I left my next footprint in Venice, Italy. Venice’s culture welcomed me immediately. I was in awe of the Basilica Cattedrale Patriarcale di San Marco and ate breakfast while looking at the church every morning of my stay. I climbed St Mark's Campanile and was able to take in the whole city from 323’ in the air. I toured the courthouse and old prison of Venice and even walked the Bridge of Sighs that many prisoners walked in the past. I loved every second of my gondola ride through the canals of the city and ate the best food in Venice. My favorite meal was a pasta and lobster dish that had homemade noodles. On my last night in Venice, I took a ghost tour of the city and learned about its spiritual history. If presented with the opportunity, Venice and the rest of Italy are definitely on my travel bucket list.
Next, I ventured by train to Vienna, Austria. Vienna had a similar environment to an American city with tall buildings, bright lights, and bustling people. Compared to the other cities that had a much more unique architecture and relaxed tempo, Vienna reminded me of home the most. My absolute favorite day in Vienna was my day at Schönbrunn Palace. I toured the palace, reenacted prominent statues, raced through a maze, and relaxed in the botanical gardens. I also went inside the most extravagant library I have ever seen. Every wall was covered in books and the ceiling had a beautiful mural painted on it. The Hundertwasser House showed me a new type of art and taught me the power of observation. Lastly, the House of Music took me back to the classic composers, specifically Mozart who was born in Austria and taught me the science of music. If I were to go back to Vienna I would be able to find things that I missed during my first trip there.
The last leg of my adventure brought me to Munich, Germany. On the train ride, I watched rolling hills take me from Vienna to Munich. The first thing I noticed about Munich was its incredible architecture. I watched the Glockenspiel in the center of the city and felt like I was watching the ‘Welcome to Duloc’ scene from the movie Shrek when the figurines sang and danced. I ate at the notorious Hofbrauhaus and watched German band play music in lederhosen. Of all of the cities I visited, Munich definitely had the most unique culture. My favorite part of Munich was watching people surf the Eisbachwelle River. I witnessed a march for climate justice light up the city streets and felt empowered by the activists. I concluded my stay in Munich with a tour of Bayern Stadium and the best steak and potatoes dinner I have ever had. Experiencing Munich’s unique culture will always stand out to me as a highlight of my travels.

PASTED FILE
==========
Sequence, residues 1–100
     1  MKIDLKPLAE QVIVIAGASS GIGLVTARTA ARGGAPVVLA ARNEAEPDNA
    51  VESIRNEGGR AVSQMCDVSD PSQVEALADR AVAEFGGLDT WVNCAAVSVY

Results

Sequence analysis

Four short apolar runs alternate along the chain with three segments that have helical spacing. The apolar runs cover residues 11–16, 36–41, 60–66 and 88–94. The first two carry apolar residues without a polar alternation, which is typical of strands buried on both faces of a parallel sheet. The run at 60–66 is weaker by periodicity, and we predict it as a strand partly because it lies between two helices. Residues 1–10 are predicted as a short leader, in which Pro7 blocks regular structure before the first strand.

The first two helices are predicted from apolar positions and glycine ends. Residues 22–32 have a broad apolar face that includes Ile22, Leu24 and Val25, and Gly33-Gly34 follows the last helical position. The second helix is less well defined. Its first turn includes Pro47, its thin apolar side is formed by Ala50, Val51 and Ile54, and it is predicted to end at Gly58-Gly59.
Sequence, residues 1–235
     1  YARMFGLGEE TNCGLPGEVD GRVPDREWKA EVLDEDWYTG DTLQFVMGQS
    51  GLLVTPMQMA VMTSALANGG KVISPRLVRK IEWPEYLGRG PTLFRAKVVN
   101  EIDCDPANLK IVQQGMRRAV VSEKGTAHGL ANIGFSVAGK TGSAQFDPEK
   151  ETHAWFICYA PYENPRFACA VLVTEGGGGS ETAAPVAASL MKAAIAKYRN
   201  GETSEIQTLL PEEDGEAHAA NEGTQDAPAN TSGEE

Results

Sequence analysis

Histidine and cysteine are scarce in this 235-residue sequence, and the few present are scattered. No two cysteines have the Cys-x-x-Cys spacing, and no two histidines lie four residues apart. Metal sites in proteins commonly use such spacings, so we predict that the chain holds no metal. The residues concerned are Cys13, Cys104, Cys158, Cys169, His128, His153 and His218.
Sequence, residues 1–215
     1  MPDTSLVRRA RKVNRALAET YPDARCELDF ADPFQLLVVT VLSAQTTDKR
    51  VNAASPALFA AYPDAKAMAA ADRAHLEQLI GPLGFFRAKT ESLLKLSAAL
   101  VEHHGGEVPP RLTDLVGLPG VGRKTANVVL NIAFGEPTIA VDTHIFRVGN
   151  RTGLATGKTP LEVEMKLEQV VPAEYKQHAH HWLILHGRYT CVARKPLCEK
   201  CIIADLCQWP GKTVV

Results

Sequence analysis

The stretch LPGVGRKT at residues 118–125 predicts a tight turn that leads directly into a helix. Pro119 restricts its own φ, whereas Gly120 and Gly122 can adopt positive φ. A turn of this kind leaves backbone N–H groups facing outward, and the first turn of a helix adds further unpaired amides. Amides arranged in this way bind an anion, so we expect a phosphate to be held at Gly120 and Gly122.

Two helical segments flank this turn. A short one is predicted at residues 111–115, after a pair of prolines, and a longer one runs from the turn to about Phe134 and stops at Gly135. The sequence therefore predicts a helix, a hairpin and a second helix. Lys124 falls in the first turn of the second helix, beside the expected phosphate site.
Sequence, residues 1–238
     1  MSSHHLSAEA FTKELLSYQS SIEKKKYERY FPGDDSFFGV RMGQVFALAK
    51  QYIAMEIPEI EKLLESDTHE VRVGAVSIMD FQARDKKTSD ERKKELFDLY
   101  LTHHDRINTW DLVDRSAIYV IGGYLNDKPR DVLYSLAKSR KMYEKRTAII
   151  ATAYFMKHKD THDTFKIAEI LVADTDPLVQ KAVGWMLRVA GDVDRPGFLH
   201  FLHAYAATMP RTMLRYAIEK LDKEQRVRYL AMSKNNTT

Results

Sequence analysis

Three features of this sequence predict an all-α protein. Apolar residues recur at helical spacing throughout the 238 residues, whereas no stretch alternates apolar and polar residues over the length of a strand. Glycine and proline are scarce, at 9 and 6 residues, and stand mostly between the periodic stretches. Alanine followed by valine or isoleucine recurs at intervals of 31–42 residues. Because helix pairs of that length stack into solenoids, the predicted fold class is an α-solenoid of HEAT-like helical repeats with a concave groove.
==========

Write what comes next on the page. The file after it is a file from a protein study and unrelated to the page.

Although I like to think I left my mark on Europe through my study abroad experience, I think Europe actually left its mark on me.
After my adventure, I found I had a new sense of confidence in my abilities to thrive in new environments. I learned to act on the fly and acclimate to new surroundings quickly. Exploring Europe also made me more conscious of some of the biases Americans have. During my program, I often felt confused by the many new cultures, which made me more understanding of people from other countries who feel overwhelmed in America. As I am writing this piece and reliving my experiences, I cannot wait to get back to exploring the world.
Jesse Phelps is a Physician Assistant major in the College of Health Sciences & Technology and studied on the Summer Psychology in Croatia program in Zagreb, Croatia in summer 2019.
Summer in Zagreb by Hunter Mascia
Bok! I’m Hunter Mascia and I am a 3rd year 3D Animation major. I studied psychology in Zagreb, Croatia, at an RIT global campus. Studying abroad in Zagreb was an amazing experience! It gave me a chance to see so much of Europe! During my time abroad I was also able to go to Italy, Austria, and Germany. I was also able to see most of Croatia outside of Zagreb as well. My friends and I were able to make it to Plitvice, Split, Zadar, and Dubrovnik. While in Zagreb I also attended many festivals, museums, and attractions. Zagreb offers a lot to do. During the day you can explore the historic city, go shopping, or even go hiking. During one hiking trip, my friends and I ran into an abandoned castle! I loved trying all the food and walking through the beautiful city every week. My favorite part was all the friends I was able to make overseas! Going abroad reinstalled the hope in me that there is so much out there. It was a major confidence boost too, knowing I could go somewhere and not only survive, but thrive.
Hunter Mascia is a Film and Animation major in the College of Imaging Arts and Sciences and studied on the Summer Psychology in Croatia program in Zagreb, Croatia in summer 2019.
Summer Psychology by Thomas Morris
How did you find out about the Psychology summer program in Croatia?
I have seen a poster on a wall at the courtyard entrance to James E. Gleason Engineering Hall.
What made you choose this particular program?
I was considering an immersion in Psychology and I like the idea of taking classes during the summer to make my remaining academic semesters a little easier. This program finished my immersion and gave me something interesting to occupy my summer.
How did you like the group?
The group was very friendly and interesting and I enjoyed my time with them.
How was the trip to Austria and Germany?
I greatly enjoyed going to Austria and Germany; plenty of time was spent walking through Vienna and Munich, seeing the stores and architecture, and getting to visit a number of museums and other attractions in Vienna.
Would you recommend it to other RIT students?
Yes, but I agree with some of the other students in the group in their opinion that it is best if the group remains relatively small. A group around fifteen to twenty in size was nice because it felt more personal and rewarding to share this experience with a few companions rather than a massive tour group. Everyone was able to meet one another and it was relatively easy to coordinate and organize ourselves into decently sized groups, or gather the entire party.
Thomas Morris studies Computer Science at the Golisano College of Computing and Information Sciences and has attended Summer Psychology in Croatia program in Zagreb, Croatia in summer 2018.